Next step is to enable ipkg as I used to have on Oleg firmware. And here the problems start. Tomato web site does not contains any useful “how to” on how to enable ipkg support, instead they send you to dd-wrt wiki, which is quite messy, and it is all about using ipkg on/jffs .
I dislike this solution, yes, it is simple – just enable /jffs and you have ipkg working, but I don’t want my router’s flash to wear out. I also want to store big amount of files and for that I want to use my old USB 4 Gb size flash drive.
So, the task is to enable ipkg on Tomato Mod USB and use for ipkg USB flash drive, not the /jffs. This task can be split into two logical parts:
1. Mounting USB flash drive to /opt
2. Installing ipkg to /opt
Mounting USB flash drive to /opt
The first part will be done manually, while the second will be automated using script. Let’s make sure we have necessary things:
– USB flash drive of average size, mine is 4 Gb
– RT-N16 router
– Software to partition USB drive in EXT3
– Time and patience
First, let’s enable USB support on Tomato. Enable the following checkboxes and reboot router:
It is necessary to partition USB drive in EXT3, as most of them has FAT32. For that I usually use gparted tool, which can be installed like this:
sudo apt-get install gparted
sudo yum install gparted
In Windows: use appropriate software which allows to create ext3 & swap partitions.
Attention: it destroys your data on USB flash.
So, plug your USB drive, start gparted and remove FAT32 partition. Create first linux-swap partition of size 512 Mb and afterwards EXT3 partiton of remaining size. Apply changes and exit gparted.
Plug-in USB flash to RT-N16 and connect to router via SSH or telnet. Issue the following command:
It should output something like this:
scsi 0:0:0:0: Direct-Access USB2.0 Flash Disk 1.00 PQ: 0 ANSI: 0 CCS
sd 0:0:0:0: [sda] 7989248 512-byte hardware sectors (4090 MB)
sd 0:0:0:0: [sda] Write Protect is off
sd 0:0:0:0: [sda] Mode Sense: 03 00 00 00
sd 0:0:0:0: [sda] Assuming drive cache: write through
sd 0:0:0:0: [sda] Assuming drive cache: write through
sda: sda1 sda2
Which means for us that router “sees” USB flash as /dev/sda1 and /dev/sda2 .It may be different for you, so please perfom steps below accordingly to the device label you have! Now we need to mount it to /opt permanently, so each time router starts it automounts it as /opt. For this we have to create file /etc/ fstab using vi:
Enter the following:
Press “i” to enter insert mode and insert the following content into the file (note that if you are using putty ssh client clicking by the right mouse is acting like Paste, so you can copy paste the content below using right mouse):
#device Mountpoint FStype Options Dump Pass#
/dev/sda1 none swap sw 0 0
/dev/sda2 /opt ext3 rw,noatime 1 1
Now press twice Esc and then “:x” so that the vi is exited and the file is saved into temporary flash.
Now we have to make file /etc/ fstab permanent and store it in resident flash. Perform the following commands:
nvram setfile2nvram /etc/fstab
Now wait until the router gets rebooted. When it reboots connect using ssh or telnet and issue the following command:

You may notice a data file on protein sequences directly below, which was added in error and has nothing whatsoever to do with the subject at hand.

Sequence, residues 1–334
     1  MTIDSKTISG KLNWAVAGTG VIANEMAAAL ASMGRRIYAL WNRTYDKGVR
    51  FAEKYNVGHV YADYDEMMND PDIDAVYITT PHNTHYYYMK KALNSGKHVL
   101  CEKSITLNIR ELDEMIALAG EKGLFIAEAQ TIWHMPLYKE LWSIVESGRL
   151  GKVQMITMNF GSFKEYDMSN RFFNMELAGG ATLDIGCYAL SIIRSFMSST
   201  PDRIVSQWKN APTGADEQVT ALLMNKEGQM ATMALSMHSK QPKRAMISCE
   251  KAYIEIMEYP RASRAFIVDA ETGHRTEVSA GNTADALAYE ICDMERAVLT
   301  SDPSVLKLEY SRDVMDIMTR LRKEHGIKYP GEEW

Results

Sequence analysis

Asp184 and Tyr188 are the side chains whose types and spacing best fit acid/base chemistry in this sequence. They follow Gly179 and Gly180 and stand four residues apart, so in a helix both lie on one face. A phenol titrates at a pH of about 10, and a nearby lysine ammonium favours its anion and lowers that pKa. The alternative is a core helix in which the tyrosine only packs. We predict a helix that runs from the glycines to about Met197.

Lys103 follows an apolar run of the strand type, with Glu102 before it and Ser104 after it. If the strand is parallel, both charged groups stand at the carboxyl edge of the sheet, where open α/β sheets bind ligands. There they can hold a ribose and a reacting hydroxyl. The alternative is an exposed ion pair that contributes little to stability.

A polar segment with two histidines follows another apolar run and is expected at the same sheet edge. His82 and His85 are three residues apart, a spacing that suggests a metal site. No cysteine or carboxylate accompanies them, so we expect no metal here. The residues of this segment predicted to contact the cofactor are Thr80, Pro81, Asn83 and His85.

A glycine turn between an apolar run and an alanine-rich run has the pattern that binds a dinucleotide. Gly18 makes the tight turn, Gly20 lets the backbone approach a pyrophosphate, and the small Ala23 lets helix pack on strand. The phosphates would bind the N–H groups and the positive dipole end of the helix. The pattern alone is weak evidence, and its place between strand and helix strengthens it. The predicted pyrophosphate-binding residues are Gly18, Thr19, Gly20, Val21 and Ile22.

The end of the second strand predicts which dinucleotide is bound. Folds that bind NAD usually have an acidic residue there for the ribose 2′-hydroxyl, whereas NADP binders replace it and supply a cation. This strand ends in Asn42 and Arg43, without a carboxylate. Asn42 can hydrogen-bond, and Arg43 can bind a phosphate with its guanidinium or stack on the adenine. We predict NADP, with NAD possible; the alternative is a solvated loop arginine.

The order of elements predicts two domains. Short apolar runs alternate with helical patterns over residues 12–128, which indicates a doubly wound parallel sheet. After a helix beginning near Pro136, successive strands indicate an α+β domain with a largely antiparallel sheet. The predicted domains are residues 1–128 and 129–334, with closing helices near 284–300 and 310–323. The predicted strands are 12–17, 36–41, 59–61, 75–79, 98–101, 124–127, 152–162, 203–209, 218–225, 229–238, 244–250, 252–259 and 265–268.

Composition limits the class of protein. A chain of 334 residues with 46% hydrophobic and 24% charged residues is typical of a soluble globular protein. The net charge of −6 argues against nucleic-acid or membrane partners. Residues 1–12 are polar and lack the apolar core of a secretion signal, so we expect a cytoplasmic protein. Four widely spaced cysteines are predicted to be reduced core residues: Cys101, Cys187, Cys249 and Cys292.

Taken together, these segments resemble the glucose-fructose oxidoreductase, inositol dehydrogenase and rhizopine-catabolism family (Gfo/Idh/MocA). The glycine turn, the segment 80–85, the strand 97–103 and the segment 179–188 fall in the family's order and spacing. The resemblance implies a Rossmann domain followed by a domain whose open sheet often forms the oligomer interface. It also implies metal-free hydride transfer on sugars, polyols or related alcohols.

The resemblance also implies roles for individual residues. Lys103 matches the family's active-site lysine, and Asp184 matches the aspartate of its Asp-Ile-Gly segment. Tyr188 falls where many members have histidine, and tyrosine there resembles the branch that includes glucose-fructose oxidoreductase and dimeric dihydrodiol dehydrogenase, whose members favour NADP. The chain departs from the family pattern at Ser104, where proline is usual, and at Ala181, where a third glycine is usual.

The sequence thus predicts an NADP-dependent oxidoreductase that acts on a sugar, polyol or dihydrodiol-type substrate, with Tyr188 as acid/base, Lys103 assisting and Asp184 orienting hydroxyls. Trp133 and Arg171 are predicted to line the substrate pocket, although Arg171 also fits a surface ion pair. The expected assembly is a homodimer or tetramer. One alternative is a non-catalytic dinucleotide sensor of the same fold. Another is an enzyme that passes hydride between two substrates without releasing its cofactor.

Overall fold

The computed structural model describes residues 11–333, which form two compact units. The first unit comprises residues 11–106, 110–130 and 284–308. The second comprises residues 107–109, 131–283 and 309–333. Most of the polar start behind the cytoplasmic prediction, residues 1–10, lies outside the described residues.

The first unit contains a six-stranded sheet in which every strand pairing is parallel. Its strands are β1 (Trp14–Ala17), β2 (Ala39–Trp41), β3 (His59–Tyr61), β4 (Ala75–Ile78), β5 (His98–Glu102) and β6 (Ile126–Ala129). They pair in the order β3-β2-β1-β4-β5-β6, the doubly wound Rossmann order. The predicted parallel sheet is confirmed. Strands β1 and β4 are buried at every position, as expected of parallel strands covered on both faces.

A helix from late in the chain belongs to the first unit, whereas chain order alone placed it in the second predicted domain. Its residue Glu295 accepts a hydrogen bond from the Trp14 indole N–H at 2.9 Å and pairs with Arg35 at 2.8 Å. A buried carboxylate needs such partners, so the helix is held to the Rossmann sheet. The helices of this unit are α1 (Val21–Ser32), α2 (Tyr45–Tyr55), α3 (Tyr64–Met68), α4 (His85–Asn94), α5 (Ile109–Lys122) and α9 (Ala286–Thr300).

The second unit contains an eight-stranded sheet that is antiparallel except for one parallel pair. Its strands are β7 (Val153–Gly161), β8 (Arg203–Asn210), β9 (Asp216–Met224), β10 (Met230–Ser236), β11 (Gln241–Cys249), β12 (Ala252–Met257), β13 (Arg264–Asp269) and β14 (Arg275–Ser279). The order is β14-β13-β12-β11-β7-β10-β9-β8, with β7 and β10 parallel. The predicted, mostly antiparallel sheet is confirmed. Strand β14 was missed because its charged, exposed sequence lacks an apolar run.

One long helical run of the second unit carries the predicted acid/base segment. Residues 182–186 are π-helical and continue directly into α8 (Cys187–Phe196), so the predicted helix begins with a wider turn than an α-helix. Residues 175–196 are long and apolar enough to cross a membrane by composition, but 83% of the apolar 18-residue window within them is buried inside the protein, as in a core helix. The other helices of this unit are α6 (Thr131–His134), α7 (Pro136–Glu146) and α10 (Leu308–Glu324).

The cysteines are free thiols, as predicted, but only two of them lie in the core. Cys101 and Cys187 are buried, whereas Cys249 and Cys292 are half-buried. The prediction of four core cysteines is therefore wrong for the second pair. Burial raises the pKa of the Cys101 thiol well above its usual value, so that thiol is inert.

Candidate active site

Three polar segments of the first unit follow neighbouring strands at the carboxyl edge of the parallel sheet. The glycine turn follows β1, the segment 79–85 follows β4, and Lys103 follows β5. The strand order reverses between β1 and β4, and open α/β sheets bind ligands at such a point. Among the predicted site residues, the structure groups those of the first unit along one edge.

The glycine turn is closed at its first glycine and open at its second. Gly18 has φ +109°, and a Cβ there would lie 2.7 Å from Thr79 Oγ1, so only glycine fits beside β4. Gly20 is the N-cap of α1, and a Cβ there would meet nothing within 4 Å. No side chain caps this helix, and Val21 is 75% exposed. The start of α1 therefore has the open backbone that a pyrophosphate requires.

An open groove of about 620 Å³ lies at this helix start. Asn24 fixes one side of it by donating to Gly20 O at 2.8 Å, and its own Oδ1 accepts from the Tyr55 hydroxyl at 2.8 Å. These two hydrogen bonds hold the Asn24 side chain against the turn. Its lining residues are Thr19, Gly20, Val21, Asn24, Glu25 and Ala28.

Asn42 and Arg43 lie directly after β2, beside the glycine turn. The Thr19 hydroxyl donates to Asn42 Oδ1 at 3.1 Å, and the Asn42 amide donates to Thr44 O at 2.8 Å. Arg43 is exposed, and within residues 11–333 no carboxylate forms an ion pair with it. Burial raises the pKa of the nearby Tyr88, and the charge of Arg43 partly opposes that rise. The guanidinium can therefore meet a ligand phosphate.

It should show all mounted partitions, mine output is:
Filesystem 1K-blocks Used Available Use% Mounted on
/dev/root 5632 5632 0 100% /
tmpfs 63500 132 63368 0% /tmp
devfs 63500 0 63500 0% /dev
/dev/sda2 3414824 104528 3136832 3% /opt
We see that the /dev/sda2 is mounted as /opt which is correct. We can enter /opt and try to create a folder there:
should show the folder bazinga. If it does not show, something went wrong (Please see section Troubleshooting at the end of this article).
You are done here. Skip text below if you don’t have time reading some hacks, and go directly to “Installing ipkg to /opt” section.
Now we have to download ipkg from optware and try to run it. But if I run it, I got the following error:
wget: unrecognized option `–passive-ftp’
ipkg_download: ERROR: Command failed with return value 1: `wget --passive-ftp -q -P /tmp/ipkg-NwbY01 http://ipkg.nslu2-linux.org/feeds/optware/ddwrt/cross/stable//Packages.gz '
It seems like ipkg is trying to invoke wget with an option, which it does not have, because most likely Tomato Usb uses an old version of wget. There should be no despondency; this problem can be also solved by searching patterns of wget in ipkg binary and removing it from command line.
Perform the following:
and type /wget until you would not see the command which is calling wget with parameter. See on screenshot marked with red color:
Now you can remove the ugly parameter and instead of each character specify spacebar. For this you can switch to insert mode : type “I” and remove character using Del and add space character using Space Bar. In the end it should look like this:
Exit vi and save the file by typing: twice “Esc” and then “:x”. You are done now, try to run ipkg and make sure that it does not fail. If you have something like “Bus Error” it means things are not done properly. But you can use my patched ipkg which works okay.
Now it’s time to setup the rest of config files and directories, and for this you can use my script.
Installing ipkg to /opt
An automated script has been developed to install ipkg on Tomato USB Mod firmware for RT-N16. Before launching this script make sure you have performed mounting of USB flash drive to /opt. If you did not do this, read article from the beginning.
Now, connect to router via ssh and perfom the following:
chmod +x ./tomato_ipkg_rt_n16.sh
This should launch automated script to prepare ipkg structure and when it finishes the ipkg is supposed to work. Try to install wake on lan utility:
# ipkg install wakelan
Installing wakelan (1.1-2) to /opt/...
Have fun! See here the list of packages you can now install on your router: http://ipkg.nslu2-linux.org/feeds/optware/ddwrt/cross/stable/